Jazz to change the world

Jazz to change the world

World musicians gathered in Havana to send a message of peace and dialogue among cultures through the power of jazz… Yes, you don’t have to be a super hero to change the world, but if Will Smith comes along… well, that won’t hurt…

Smith along with renowned American players Quincy Jones, Herbie Hancock, Esperanza Spalding, Cassandra Wilson, shared the stage of the Grand Havana Theater Alicia Alonso with Cuban Chucho Valdes, Gonzalo Rubalcaba, Bobby Carcasses, Robertico Fonseca, Francisco Amat and Barbarito Torres.


Jazz players from Africa, Asia, Latin America and Europe also joined the ensemble to highlight the Internationl Day of Jazz, event that closed with John Lennon's peace and hope-calling son Imagine.

Addressing the audience, Hancock who is UNESCO's Goodwill Ambassador for Intercultural Dialogue recalled an African proverb saying that a city without music is a dead city, “so Havana today is the most lively and dynamic place in the planet.”

The author of world famous RockIt thanked Cuba for its enormous support of jazz, saying “Afro-Cuban jazz and its rich history have played a pivotal role in the evolution and enrichment of the entire jazz genre”.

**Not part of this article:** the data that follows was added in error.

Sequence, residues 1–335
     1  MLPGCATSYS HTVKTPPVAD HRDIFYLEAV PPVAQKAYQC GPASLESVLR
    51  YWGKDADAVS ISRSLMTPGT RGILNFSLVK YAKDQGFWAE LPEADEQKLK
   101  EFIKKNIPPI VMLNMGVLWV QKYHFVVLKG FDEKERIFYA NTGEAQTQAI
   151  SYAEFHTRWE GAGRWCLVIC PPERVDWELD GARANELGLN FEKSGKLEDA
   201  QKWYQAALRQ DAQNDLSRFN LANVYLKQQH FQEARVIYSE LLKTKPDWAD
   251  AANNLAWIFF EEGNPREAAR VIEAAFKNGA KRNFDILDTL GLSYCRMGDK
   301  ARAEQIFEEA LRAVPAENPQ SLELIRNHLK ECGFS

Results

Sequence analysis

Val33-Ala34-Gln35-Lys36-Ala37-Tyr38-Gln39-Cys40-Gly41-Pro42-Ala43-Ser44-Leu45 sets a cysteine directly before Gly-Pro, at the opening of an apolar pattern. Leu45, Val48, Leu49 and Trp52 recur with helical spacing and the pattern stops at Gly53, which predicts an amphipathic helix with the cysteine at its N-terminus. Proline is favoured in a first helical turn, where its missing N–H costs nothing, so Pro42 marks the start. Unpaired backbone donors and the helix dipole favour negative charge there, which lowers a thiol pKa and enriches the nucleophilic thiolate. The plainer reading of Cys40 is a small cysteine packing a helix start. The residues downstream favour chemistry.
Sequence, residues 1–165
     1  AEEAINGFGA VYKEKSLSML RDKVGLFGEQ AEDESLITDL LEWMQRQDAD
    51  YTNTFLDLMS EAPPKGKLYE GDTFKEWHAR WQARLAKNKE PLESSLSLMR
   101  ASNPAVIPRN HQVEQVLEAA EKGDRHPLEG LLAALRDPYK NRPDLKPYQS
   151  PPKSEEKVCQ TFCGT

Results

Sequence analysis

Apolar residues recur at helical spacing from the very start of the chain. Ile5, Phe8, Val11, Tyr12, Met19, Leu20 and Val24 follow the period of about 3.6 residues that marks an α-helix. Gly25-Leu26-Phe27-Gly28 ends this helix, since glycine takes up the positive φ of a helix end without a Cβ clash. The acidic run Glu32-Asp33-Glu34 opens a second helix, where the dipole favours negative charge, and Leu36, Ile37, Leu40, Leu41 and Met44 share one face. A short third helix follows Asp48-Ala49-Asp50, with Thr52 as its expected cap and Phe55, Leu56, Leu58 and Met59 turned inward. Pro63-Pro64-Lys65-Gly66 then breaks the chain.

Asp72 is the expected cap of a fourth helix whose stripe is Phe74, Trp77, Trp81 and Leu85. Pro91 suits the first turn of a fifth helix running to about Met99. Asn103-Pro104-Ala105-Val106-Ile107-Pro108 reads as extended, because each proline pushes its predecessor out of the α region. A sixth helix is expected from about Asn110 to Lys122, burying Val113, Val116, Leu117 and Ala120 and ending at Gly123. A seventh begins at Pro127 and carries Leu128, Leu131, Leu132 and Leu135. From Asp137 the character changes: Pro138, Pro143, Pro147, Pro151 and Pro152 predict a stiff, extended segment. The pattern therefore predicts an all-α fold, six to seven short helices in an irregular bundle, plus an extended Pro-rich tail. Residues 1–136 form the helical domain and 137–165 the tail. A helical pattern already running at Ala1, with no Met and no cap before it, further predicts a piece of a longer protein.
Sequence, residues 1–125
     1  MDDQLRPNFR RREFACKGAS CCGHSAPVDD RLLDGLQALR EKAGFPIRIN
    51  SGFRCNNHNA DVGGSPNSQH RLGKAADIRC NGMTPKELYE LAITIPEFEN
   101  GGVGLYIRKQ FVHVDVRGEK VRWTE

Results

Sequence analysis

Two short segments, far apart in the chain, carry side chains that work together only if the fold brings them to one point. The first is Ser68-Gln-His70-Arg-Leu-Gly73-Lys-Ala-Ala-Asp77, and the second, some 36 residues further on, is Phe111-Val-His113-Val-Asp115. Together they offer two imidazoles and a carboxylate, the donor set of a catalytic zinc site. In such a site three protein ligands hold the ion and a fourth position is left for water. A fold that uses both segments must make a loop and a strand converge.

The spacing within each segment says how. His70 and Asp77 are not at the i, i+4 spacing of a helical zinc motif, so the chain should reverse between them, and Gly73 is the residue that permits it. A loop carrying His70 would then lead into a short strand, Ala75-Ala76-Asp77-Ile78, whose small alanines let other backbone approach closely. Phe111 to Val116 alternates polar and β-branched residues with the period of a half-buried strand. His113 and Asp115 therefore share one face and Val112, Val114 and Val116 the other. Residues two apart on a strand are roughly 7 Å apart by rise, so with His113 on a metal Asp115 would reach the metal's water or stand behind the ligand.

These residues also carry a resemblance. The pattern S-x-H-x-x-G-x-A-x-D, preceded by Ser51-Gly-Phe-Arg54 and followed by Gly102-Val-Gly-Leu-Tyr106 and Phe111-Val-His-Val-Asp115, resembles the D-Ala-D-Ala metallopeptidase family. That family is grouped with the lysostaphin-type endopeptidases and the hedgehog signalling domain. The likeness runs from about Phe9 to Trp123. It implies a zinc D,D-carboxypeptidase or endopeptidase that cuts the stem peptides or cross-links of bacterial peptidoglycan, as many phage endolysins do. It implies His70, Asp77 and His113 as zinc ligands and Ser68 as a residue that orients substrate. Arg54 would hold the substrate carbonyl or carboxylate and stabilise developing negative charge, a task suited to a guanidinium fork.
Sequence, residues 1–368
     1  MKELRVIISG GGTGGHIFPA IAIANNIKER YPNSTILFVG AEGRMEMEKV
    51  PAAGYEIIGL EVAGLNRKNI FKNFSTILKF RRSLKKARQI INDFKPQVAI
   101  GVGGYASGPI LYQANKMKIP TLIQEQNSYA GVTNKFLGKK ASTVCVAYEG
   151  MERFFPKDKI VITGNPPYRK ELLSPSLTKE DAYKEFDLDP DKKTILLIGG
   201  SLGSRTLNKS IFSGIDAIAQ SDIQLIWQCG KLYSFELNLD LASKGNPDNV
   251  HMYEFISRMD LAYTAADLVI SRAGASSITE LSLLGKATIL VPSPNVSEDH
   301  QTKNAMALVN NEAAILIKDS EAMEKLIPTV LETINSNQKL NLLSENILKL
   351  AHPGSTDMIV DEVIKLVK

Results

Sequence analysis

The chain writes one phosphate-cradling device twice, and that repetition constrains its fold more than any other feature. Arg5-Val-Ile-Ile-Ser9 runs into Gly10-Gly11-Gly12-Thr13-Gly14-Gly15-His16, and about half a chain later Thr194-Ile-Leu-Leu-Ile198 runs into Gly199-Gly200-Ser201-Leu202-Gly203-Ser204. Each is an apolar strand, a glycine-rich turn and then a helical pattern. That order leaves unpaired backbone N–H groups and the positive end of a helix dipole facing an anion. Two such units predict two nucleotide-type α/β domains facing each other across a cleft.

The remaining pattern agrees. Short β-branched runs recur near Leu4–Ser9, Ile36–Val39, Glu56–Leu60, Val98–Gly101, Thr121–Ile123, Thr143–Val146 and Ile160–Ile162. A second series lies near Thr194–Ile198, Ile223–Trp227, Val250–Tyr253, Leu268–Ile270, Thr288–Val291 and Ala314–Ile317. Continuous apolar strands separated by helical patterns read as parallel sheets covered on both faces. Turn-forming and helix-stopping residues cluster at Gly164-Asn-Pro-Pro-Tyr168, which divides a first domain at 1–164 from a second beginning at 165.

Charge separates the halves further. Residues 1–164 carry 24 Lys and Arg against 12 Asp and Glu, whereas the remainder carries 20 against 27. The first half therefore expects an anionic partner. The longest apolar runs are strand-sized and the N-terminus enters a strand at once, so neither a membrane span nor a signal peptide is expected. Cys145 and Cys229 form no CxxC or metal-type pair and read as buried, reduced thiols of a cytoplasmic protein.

“Today, we celebrate the international art form of jazz and its power to promote dialogue among cultures, to make the most of diversity, to deepen respect for human rights and all forms of expression,”, said Unesco Director General Irina Bokova.


“The story of jazz is written into the quest for human dignity, democracy and civil rights. Its rhythms and variety have given strength to the struggle against all forms of discrimination and racism - this is the message we must take across the world today,”, she added.

“This year's focus on Cuba is testament to the power of jazz to build bridges and join women and men together around shared values and aspirations”, added.

In anticipation of the Day, schools, art venues, community centres, jazz clubs and parks across Havana and throughout Cuba have already begun engaging its citizens. Jazz history and education classes were provided for tens of thousands of students in more than 11,000 schools across Cuba.


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